Full Moon and New Moon treks: We are offering Full Moon Kilimanjaro treks because we realised that the final push up the slopes of Kibo to the summit -a walk that is traditionally done at night – is best done under the light of a full moon. Visibility is that much greater, of course, due to the brightness of the light reflected by the full moon.


You’ll always be accompanied by a team of guides and assistant guides. If someone becomes ill, they’ll be escorted safely down the mountain by an assistant guide. You won’t be left on the mountain without a guide!


At higher altitudes, the air is thinner, there is less available oxygen and it becomes more difficult to breathe. There are serious risks involved with high-altitude hiking, including altitude sickness, acute mountain syndrome and pulmonary edema, all of which can result in death. Before you go on a high-altitude hike, you need to train your body to work efficiently and effectively in environments with less oxygen.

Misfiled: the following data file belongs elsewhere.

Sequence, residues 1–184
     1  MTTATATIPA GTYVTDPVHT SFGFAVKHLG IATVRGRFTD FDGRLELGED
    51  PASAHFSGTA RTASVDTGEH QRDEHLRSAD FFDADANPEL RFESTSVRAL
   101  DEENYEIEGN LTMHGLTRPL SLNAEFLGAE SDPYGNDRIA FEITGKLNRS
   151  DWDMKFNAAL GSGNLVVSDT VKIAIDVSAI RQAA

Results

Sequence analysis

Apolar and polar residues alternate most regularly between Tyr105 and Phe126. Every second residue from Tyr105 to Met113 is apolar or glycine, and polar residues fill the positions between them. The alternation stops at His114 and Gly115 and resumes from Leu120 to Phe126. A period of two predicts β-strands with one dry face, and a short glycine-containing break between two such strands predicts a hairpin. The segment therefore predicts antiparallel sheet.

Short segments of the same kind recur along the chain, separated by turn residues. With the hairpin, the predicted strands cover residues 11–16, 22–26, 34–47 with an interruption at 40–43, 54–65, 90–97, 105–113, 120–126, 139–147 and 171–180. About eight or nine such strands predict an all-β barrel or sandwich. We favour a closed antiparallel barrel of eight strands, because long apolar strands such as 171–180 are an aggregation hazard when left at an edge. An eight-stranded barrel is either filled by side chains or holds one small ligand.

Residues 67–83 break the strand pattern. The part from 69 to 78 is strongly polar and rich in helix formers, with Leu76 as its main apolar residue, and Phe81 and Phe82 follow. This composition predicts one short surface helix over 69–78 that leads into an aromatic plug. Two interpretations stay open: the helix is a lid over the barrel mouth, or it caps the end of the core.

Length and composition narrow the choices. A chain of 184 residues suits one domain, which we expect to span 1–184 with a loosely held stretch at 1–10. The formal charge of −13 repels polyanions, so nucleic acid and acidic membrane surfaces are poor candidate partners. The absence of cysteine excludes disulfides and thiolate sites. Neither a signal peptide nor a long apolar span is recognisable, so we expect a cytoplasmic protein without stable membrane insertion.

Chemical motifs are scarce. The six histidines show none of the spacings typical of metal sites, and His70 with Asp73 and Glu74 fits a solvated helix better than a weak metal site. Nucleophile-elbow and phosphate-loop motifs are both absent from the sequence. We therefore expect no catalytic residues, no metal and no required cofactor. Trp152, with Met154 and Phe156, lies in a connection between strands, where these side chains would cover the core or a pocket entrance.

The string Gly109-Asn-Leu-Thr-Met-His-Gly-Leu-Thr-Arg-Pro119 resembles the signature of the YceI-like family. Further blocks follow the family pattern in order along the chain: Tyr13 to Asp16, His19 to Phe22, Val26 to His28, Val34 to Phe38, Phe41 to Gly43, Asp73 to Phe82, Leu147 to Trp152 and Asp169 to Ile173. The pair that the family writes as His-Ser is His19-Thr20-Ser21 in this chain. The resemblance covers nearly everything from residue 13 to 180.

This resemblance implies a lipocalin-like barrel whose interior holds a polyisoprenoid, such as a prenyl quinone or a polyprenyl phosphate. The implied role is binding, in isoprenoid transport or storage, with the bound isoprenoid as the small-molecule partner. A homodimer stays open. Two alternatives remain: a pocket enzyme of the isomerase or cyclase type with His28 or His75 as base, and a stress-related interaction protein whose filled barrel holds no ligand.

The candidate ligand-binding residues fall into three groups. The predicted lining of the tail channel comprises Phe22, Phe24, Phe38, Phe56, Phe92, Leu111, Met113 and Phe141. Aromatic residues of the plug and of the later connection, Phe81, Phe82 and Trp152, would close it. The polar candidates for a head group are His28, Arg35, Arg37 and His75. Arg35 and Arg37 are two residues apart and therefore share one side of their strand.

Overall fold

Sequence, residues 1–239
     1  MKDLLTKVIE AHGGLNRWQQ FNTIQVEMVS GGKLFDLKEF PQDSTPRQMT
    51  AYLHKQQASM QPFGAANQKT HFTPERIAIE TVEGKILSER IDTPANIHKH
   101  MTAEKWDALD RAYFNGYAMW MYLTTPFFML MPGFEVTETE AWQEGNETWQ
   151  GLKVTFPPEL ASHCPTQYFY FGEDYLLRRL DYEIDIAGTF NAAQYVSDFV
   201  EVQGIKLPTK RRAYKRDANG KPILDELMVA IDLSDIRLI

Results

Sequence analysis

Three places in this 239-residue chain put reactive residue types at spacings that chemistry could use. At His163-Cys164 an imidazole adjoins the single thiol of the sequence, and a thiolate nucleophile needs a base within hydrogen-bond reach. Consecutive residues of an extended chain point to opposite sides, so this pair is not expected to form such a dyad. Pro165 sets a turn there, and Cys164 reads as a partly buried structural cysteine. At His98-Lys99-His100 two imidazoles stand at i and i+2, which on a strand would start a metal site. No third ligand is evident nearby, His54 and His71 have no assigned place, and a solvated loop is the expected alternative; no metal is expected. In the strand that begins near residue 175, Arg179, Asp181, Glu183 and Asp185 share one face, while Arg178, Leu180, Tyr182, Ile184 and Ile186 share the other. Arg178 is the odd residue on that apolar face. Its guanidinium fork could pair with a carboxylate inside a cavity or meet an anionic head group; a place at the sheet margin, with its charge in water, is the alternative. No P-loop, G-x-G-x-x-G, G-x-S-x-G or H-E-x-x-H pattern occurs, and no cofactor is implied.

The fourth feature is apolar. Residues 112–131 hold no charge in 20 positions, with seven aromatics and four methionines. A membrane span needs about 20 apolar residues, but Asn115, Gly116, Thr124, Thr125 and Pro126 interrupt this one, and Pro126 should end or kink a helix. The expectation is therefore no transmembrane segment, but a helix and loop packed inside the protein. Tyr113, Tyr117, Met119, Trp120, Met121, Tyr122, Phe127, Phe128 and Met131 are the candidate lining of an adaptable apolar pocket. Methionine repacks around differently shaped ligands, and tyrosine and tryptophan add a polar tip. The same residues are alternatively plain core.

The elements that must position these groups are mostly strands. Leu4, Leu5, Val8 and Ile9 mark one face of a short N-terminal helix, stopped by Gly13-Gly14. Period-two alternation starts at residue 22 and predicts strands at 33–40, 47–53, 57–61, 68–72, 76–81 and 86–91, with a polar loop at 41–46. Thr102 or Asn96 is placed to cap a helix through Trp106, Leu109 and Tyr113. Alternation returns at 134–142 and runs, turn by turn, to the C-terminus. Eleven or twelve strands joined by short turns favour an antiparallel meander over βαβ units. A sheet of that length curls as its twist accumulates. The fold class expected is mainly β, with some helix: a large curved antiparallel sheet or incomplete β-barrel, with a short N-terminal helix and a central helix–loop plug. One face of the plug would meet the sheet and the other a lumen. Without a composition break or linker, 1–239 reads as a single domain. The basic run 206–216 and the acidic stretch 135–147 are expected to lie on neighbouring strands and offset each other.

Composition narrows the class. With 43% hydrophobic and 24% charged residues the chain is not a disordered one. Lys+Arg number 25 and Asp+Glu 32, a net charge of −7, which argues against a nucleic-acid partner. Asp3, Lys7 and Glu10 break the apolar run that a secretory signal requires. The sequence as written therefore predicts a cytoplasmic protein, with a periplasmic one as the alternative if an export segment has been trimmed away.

Step 1:

Begin training at least two months in advance. This is especially important if you plan to hike at altitudes of more than 13,000 feet.

Step 2:

See a doctor for a medical checkup in the early stages of training to ensure that high-altitude hiking is a safe and recommended activity for your age and physical condition.

Step 3:

Hike as often as possible. The best thing you can do to prepare for higher-altitude hikes is to hike as often as possible and at higher altitudes if available. Start gradually, increasing the distance and altitude of your hikes with each week of training so that your body and lungs can become accustomed to functioning at increasing levels of altitude.

Step 4: